Section 3.35. Nonaudit Work by Auditor. – The Yellow Book makes a major point: “If an auditor were to assume management responsibilities for an audited entity, the management participation threats created would be so significant that no safeguards could reduce them to an acceptable level. Management responsibilities involve leading and directing an entity, including making decisions regarding the acquisition, deployment and control of human, financial, physical, and intangible resources.” The County Auditor has assumed significant management responsibilities for Montgomery County. She sits with the Commissioners Court, interrupts meetings regularly, injects her opinions and her department’s policies as policy guidance for the Court, and supervises the individual Court members in budgeting. As Chief Budget Officer of the County, the County Auditor has direct management responsibilities under the Texas Local Government Code. One cannot criticize her for fulfilling these duties but the dichotomy of her role as Chief Budget Officer and as County Auditor has created this major conflict of interest that suggests the necessity of an independent internal audit of the County’s finances.

Section 3.36 provides the following examples of practices, which constitute exercising management responsibilities for the audited entity, in which such practices the Montgomery County Auditor engages:

“…setting policies and strategic direction for the audited entity”;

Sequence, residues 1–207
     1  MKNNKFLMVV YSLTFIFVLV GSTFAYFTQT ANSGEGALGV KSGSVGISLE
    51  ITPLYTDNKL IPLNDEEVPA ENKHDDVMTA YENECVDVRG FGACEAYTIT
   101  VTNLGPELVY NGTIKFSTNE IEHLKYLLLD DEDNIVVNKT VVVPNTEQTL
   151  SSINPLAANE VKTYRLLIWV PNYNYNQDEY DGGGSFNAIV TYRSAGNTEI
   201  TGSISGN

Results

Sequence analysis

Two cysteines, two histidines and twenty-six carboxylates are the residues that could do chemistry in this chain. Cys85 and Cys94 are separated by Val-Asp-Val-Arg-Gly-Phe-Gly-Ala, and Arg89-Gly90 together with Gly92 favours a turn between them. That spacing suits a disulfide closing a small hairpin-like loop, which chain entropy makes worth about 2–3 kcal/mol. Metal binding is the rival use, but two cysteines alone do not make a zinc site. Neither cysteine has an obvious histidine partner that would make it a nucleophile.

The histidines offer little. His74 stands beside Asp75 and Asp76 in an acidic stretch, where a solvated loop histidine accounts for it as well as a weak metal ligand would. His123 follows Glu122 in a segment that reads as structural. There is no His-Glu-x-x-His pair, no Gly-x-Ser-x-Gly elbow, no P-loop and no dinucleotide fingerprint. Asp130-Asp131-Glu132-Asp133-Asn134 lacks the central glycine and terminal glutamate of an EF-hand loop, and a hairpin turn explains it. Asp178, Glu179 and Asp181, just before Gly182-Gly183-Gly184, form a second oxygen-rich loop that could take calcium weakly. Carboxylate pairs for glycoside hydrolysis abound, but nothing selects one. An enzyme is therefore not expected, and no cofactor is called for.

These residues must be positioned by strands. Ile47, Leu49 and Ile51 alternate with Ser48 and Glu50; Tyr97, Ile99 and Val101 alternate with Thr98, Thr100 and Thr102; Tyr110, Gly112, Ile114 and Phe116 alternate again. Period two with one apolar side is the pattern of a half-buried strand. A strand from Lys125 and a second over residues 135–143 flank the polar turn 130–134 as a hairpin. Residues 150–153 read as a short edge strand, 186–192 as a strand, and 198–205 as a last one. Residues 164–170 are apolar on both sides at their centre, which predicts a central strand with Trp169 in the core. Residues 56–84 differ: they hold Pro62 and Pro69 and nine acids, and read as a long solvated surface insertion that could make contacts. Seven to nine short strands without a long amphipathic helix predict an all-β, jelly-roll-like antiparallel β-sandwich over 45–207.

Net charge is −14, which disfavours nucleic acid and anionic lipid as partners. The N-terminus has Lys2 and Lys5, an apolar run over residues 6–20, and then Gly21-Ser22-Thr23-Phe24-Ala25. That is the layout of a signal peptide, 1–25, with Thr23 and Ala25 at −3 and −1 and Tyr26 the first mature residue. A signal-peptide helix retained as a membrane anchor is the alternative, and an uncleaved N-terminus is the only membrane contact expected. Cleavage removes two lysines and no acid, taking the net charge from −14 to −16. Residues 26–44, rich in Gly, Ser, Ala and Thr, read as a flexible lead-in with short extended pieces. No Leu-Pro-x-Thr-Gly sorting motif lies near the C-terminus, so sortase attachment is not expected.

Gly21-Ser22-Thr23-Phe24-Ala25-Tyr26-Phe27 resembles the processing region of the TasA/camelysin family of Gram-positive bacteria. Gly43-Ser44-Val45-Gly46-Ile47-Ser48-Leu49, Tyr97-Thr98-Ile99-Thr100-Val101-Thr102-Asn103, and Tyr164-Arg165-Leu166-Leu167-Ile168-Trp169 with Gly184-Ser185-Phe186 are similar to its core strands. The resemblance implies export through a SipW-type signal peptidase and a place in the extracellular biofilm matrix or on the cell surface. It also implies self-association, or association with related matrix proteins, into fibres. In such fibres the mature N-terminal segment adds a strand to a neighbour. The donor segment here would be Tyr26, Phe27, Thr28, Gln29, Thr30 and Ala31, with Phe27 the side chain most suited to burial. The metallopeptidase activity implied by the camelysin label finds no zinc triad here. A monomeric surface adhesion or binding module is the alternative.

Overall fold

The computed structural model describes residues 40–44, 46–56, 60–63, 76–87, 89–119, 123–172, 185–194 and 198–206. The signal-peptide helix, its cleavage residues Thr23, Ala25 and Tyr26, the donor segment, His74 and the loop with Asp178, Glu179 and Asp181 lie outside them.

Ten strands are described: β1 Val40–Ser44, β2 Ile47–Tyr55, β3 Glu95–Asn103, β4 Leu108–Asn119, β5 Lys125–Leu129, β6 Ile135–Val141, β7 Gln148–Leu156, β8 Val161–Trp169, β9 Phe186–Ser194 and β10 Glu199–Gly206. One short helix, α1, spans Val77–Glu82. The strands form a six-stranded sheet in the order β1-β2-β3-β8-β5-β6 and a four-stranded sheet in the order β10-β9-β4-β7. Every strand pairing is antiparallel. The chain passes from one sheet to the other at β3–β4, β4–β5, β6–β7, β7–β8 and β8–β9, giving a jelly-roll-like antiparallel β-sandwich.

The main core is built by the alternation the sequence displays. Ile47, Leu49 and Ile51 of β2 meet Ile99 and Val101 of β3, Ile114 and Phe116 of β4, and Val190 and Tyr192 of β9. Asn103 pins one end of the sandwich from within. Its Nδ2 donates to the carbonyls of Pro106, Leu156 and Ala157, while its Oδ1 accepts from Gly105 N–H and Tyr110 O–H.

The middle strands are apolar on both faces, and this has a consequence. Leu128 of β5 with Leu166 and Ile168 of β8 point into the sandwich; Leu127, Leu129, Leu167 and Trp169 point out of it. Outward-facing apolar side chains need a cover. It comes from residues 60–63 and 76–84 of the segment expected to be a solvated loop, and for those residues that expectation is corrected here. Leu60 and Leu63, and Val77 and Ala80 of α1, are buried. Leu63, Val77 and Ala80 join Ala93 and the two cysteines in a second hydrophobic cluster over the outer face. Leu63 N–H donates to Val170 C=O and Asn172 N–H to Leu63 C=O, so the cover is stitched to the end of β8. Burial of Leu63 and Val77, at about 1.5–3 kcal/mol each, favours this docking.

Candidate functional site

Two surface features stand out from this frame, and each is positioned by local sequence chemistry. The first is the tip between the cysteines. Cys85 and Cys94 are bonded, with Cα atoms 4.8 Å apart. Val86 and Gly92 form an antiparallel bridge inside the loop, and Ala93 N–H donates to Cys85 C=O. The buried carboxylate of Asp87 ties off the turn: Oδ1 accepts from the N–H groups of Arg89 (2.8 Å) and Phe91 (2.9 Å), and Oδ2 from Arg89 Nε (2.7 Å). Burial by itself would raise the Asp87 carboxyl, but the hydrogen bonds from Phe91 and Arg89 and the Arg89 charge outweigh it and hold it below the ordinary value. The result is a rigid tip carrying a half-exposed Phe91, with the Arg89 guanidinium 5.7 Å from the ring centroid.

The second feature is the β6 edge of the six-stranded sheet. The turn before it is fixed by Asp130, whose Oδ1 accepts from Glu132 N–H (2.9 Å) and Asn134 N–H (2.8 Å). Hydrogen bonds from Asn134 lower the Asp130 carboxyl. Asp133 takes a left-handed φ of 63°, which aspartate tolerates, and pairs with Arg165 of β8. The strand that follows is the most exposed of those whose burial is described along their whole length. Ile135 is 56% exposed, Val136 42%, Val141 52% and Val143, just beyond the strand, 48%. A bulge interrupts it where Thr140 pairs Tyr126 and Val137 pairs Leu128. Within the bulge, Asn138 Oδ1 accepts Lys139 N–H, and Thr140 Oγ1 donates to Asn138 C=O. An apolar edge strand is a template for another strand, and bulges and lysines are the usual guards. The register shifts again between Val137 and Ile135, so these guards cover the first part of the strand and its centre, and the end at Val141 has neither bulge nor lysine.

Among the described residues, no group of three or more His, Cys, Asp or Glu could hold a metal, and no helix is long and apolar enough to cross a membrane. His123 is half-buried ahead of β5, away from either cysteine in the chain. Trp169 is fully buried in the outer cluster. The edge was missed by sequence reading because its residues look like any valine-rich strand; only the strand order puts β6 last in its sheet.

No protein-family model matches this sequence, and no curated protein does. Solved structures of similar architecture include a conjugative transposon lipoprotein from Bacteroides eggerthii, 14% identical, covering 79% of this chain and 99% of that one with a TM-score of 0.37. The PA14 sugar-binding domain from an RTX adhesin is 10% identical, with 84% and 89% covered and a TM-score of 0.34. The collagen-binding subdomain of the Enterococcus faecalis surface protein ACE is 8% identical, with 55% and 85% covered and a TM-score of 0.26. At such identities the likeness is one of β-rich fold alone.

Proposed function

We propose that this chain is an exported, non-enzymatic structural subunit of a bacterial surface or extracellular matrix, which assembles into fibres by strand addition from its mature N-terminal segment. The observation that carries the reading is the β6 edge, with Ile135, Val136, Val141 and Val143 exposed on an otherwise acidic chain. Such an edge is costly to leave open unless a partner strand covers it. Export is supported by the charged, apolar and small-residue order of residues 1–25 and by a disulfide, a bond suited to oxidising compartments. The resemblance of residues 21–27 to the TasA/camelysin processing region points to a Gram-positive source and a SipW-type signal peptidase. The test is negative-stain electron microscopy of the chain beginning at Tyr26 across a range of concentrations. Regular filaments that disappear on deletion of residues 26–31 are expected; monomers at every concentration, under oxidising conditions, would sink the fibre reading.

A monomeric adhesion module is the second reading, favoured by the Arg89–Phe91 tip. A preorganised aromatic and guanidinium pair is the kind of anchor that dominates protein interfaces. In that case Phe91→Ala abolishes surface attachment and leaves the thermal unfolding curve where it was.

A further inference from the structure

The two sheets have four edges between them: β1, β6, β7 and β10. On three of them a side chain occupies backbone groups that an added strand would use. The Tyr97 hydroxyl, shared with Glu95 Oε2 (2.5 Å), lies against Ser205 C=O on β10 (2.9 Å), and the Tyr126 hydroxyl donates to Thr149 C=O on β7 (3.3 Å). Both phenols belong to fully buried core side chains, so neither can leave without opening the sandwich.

“directing and accepting responsibility for the actions of the audited entity’s employees in the performance of their routine, recurring duties”;

“reporting to those charged with governance on behalf of management”;

“accepting responsibility for designing, implementing, or maintaining internal control”; and

“providing services that are intended to be used as management’s primary basis for making decisions that are significant to the subject matter of the audit”.

Very clearly, the “Up-YOU-affer” doesn’t provide information from the auditor’s actual work as an auditor but instead is a clear attempt to justify expenditures for the County services which the subject of her internal audit hope to continue or expand.

Under Chapter 115 of the Texas Local Government Code, however, the County Auditor is a function of the Judicial Branch of our County government. County Auditor Phyllis Martin’s report, which is little more than an advertisement for which the taxpayers must pay, is an attempt my the County’s management to persuade their constituents to accept “the basis for making decisions that are significant to the subject matter of the audit.”

The PAFR, also known as the “Up-YOU-affer,” reflects Martin’s and her entire staff’s lack of independence from the subject of her audit.

The Board of District Judges should step in, fulfill their statutory duty to oversee the work of the County Auditor, and bring this important functionary’s lack of independence to an immediate close.